Etihad Airways Adds In-Flight Nurses to Its Services for Travelers With Medical Conditions

iStock
iStock

The inconvenience of flying is enough to keep some people with pre-existing medical conditions permanently grounded. Etihad Airways, the national airline of the United Arab Emirates, is introducing two new services in an effort to reach those potential passengers. As Condé Nast Traveler reports, the airline now offers evaluations prior to trips and in-flight nurses that will pick up guests at their homes and accompany them to their destinations.

The new medical services are the first of their kind from an airline, according to Etihad. Many people with pre-existing illnesses, injuries, and chronic conditions need to check with a health professional before making travel plans to see if they're fit to fly. And even when they do get their doctor's blessing, an airline still has the right to kick them off the plane if the crew suspects their health issues will complicate the flight.

Etihad Airways promises a much less anxiety-inducing experience. Passengers are cleared for flight by a visit from an Etihad staff doctor in their homes long before their departure date. And when it's time to drive to the airport and get through security (which is stressful enough without a pre-existing condition), they'll have assistance. Perhaps most importantly, they'll continue to have that medical resource in the air, when it could take hours to land and reach a hospital in the event of an emergency.

The services are only available to passengers flying from United Arab Emirates, and they cost upwards of $408. Passengers can apply for the special treatment by downloading Etihad's Medical Information for Fitness to Travel or Special Assistance forms and submitting them through email.

[h/t Condé Nast Traveler]

A Finnish Tourism Company Is Hiring Professional Christmas Elves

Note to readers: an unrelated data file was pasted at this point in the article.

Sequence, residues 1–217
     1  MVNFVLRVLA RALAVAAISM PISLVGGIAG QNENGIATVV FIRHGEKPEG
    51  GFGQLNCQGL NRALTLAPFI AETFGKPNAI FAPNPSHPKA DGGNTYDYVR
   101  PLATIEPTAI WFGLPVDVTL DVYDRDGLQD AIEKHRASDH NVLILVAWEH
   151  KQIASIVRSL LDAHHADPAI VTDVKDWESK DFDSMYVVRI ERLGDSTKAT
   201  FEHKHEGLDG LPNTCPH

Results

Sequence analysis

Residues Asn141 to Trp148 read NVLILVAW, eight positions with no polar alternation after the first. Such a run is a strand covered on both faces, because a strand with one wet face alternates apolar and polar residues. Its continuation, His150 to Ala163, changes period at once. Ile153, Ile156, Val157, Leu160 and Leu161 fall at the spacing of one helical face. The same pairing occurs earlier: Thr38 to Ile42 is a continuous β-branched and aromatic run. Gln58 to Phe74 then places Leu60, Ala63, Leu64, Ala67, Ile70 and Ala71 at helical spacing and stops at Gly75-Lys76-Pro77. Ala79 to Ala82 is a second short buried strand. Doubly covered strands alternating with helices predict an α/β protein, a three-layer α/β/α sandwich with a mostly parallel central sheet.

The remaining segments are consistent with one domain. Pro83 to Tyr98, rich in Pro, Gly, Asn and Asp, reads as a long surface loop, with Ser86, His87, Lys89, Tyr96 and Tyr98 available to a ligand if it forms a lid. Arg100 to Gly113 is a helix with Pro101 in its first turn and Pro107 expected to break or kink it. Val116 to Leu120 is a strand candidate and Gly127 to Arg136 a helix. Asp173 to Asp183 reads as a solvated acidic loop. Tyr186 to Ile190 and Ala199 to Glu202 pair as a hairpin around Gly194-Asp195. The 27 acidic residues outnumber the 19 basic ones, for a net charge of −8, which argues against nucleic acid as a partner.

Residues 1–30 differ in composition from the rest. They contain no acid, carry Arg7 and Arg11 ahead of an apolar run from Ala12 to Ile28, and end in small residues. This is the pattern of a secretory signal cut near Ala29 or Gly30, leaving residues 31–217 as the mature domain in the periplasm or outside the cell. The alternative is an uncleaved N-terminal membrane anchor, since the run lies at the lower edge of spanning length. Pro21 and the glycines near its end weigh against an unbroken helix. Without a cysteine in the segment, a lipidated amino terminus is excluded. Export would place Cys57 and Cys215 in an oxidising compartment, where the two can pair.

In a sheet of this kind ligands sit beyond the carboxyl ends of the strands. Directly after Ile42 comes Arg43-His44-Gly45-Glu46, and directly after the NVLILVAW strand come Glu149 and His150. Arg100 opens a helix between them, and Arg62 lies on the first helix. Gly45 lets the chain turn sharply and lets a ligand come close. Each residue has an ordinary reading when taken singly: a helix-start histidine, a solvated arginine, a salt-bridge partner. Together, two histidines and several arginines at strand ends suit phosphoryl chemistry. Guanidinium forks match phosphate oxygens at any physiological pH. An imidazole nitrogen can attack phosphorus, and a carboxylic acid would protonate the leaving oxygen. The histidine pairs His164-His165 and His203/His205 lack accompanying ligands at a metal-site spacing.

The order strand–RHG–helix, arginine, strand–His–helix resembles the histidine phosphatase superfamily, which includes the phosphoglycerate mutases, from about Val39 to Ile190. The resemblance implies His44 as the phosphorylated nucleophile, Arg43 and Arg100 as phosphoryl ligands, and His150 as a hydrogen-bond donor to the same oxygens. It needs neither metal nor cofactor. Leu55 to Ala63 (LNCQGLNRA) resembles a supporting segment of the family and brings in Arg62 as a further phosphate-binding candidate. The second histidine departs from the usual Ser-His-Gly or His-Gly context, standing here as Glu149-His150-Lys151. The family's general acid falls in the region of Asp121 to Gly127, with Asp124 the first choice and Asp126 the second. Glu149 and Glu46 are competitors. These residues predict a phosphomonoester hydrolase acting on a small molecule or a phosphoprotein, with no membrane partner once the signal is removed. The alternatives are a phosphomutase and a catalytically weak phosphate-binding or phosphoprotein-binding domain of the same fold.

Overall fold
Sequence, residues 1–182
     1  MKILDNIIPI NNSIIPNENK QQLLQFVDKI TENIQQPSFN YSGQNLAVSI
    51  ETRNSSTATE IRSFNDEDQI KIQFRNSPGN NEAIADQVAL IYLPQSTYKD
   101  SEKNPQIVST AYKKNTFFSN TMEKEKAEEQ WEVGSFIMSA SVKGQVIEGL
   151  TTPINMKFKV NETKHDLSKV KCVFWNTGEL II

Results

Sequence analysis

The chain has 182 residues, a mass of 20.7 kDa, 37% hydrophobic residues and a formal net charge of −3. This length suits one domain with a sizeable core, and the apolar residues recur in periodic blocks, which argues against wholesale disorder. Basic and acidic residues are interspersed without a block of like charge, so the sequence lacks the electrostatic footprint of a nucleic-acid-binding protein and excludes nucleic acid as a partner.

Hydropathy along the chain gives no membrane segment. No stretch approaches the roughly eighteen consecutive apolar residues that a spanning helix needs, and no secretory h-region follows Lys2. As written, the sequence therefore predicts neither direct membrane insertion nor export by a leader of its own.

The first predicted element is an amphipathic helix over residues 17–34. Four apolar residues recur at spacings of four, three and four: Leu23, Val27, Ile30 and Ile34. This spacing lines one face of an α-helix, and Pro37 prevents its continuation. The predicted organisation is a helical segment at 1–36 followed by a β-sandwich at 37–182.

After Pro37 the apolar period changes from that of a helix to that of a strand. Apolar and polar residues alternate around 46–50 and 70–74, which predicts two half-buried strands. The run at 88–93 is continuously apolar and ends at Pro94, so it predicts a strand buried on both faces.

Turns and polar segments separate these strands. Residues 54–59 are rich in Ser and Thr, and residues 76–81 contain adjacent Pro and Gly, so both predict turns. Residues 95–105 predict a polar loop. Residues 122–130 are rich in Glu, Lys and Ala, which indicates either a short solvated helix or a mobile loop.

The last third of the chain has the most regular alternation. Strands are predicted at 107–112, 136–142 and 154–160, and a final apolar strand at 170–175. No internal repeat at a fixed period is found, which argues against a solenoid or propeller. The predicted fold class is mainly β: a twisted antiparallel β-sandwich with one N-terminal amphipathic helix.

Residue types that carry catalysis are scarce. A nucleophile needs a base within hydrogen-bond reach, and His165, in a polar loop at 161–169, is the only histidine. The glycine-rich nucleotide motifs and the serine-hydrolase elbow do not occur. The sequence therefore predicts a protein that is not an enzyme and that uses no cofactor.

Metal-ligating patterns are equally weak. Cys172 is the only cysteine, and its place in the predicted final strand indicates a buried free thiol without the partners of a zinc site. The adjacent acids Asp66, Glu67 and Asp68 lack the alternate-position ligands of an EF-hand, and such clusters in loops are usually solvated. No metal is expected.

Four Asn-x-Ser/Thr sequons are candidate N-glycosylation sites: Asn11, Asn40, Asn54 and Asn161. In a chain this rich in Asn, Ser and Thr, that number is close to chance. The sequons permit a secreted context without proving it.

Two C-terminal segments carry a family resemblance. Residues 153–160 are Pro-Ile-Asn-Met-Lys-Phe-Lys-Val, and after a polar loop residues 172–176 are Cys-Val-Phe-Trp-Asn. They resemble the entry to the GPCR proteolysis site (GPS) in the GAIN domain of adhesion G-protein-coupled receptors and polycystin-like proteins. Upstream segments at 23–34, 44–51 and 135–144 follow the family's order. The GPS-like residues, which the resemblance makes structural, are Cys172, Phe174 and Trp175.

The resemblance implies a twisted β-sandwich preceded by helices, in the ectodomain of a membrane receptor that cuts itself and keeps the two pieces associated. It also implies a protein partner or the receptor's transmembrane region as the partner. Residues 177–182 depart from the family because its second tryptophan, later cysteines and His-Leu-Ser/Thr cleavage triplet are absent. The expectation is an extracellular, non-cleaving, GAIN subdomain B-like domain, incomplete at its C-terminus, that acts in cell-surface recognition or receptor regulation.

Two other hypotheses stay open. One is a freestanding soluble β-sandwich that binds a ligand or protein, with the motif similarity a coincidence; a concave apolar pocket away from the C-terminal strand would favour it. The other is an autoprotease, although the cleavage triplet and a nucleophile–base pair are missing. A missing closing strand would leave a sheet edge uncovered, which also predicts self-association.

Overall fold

iStock.com/kali9
iStock.com/kali9

Finland isn't quite the North Pole, but it will be home to a team of gainfully employed Christmas elves this holiday season. As Travel + Leisure reports, the Scandinavian country's Lapland Safaris is looking for elves to get guests into the holiday spirit.

Lapland Safaris is a tourism company that organizes activities like snowmobiling, Northern Lights-gazing, skiing, and ice-fishing. The elf employees will be responsible for leading guests to their buses and conveying important information, all while spreading holiday cheer. The job listing reads, "An Elf is at the same time an entertainer, a guide, and a mythical creature of Christmas."

Each Lapland Safari elf will receive training through Arctic Hospitality Academy prior to starting the job. There, they will learn "the required elfing and communication skills." Training will be conducted in English, but candidates' knowledge of French, Spanish, or German is a plus.

To apply, aspiring elves can fill out and submit this form through Lapland Safaris's website. The gig lasts from November 2018 to the beginning of next year, with employees having the option to work at any of the company's Finnish destinations (Santa's workshop is unfortunately not included on the list).

[h/t Travel + Leisure]

The Truth Behind Italy's Abandoned 'Ghost Mansion'

YouTube/Atlas Obscura
YouTube/Atlas Obscura

The forests east of Lake Como, Italy, are home to a foreboding ruin. Some call it the Casa Delle Streghe (House of Witches), or the Red House, after the patches of rust-colored paint that still coat parts of the exterior. Its most common nickname, however, is the Ghost Mansion.

Since its construction in the 1850s, the mansion—officially known as the Villa De Vecchi—has reportedly been the site of a string of tragedies, including the murder of the family of the Italian count who built it, as well as the count's suicide. It's also said that everyone's favorite occultist, Aleister Crowley, visited in the 1920s, leading to a succession of satanic rituals and orgies. By the 1960s, the mansion was abandoned, and since then both nature and vandals have helped the house fall into dangerous decay. The only permanent residents are said to be a small army of ghosts, who especially love to play the mansion's piano at night—even though it's long since been smashed to bits.

The intrepid explorers of Atlas Obscura recently visited the mansion and interviewed Giuseppe Negri, whose grandfather and great-grandfather were gardeners there. See what he thinks of the legends, and the reality behind the mansion, in the video below.

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